Question #3: “Why are parents with young teens having so much trouble dealing with their kid’s awful behavior? Kids just don’t respect their parents anymore.”
Answer #3: First of all we must recognize that there are two sides to the equation – the parent and the child. Unfortunately, in many family situations parents are not aware of the fact that they may be part of the challenge. Not so much in a deliberate way but in an unconscious or unaware way. There is a psychological concept called “mirroring” where we tend to see behavior in others that “pushes our buttons.” This behavior is typically a reflection of some limiting aspect of ourselves that we have not healed or integrated emotionally. The natural tendency is to criticize or blame the other person’s behavior rather than being able to calmly “observe” the other person’s behavior without an overt negative emotional reaction. We call it “getting hooked.” The key in this situation is: The person with the negative emotion has the challenge.
The fact that our young people see themselves as being “their own authority” runs head long into a major culture difference experienced by most parents. Most of today’s parents grew up in a command and control environment where you “did what you were told”, you “didn’t talk back” and their parents were the unquestionable “boss”. Children learned to be subservient to all forms of perceived authority, parents, older adults, school teachers, etc. In many cases, the “spirit” of the child was broken by verbal and physical punishment. Today’s children have a different view of personal authority due to their understanding at a very deep level of who they are – expressions of the creator – not separate from.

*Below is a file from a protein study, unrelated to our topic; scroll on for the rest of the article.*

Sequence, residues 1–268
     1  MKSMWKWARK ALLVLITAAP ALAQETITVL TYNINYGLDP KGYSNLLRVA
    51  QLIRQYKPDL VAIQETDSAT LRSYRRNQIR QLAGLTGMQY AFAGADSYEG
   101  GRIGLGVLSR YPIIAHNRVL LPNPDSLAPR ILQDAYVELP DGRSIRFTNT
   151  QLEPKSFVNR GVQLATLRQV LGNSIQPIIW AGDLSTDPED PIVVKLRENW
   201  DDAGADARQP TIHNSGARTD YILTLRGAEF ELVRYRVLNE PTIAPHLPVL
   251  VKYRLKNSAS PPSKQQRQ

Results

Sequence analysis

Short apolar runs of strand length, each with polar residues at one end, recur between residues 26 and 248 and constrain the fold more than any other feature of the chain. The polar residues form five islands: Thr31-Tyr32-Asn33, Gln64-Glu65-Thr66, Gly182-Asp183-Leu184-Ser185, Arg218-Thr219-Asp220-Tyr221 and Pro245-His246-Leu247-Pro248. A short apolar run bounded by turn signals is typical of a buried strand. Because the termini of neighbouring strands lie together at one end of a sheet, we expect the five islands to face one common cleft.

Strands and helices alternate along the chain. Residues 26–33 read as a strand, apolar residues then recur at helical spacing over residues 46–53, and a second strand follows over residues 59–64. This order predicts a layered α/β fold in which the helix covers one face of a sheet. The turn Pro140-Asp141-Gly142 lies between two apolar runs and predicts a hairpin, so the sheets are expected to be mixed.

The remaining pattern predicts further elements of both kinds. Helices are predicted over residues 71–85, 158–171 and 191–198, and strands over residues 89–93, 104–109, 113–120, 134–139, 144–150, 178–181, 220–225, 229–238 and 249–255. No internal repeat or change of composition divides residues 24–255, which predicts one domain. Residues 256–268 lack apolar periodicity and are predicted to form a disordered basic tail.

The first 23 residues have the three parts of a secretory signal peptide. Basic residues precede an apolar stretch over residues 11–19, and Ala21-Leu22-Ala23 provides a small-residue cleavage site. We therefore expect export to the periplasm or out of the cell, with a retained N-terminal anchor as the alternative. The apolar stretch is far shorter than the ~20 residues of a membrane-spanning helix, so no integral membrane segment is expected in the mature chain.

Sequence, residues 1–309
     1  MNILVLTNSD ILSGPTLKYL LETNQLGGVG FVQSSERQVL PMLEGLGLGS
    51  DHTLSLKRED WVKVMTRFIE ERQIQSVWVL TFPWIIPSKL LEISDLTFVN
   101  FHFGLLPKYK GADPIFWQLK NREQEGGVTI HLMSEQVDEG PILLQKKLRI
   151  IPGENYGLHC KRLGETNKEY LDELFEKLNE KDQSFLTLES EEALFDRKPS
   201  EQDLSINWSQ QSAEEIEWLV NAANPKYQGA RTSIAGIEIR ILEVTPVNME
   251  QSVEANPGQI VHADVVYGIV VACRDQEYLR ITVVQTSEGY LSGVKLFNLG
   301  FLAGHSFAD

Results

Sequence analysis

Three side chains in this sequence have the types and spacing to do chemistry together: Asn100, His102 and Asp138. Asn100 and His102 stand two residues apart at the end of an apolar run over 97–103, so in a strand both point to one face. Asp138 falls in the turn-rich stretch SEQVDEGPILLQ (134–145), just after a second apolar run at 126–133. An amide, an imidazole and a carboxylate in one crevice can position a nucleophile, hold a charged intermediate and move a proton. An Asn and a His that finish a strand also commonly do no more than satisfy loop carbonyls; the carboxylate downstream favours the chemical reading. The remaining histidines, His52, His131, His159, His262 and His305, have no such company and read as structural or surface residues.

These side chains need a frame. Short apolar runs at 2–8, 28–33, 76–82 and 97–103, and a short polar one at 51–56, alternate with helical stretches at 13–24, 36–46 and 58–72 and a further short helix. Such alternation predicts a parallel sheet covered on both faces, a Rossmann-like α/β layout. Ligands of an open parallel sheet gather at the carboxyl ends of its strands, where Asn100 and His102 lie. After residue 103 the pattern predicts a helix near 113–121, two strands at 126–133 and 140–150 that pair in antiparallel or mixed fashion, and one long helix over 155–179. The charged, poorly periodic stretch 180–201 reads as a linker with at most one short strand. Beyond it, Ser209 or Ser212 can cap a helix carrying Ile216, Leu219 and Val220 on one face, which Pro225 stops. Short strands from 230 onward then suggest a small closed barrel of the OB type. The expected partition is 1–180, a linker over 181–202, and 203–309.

This challenge provides opportunities for both the parent and the child. The aware parent can take the opportunity to review his/her beliefs about authority to see if they are empowering or limiting. Limiting beliefs can be changed with self exploration and the desire to experience more emotional freedom. Command and Control (“because I said so”) is a win-lose proposition. Moving to a win-win proposition sees the parent and the child on an equal footing as humans. The aware parent can then begin to work with the child on the basis of “choice.” Having “choice” allows one to retain their sense of personal authority. One learns to choose appropriately as they experience the consequences of their choices – good or bad.
When a parent sees the family challenge as the “child’s” issue resolution is nearly impossible. An aware, willing parent with honest and open communications - based on creating a win-win proposition – will engender the mutual respect that will allow both the parent and child to enjoy a loving, harmonious relationship. Many teens see their parents as their best friends. Yes, it’s possible.
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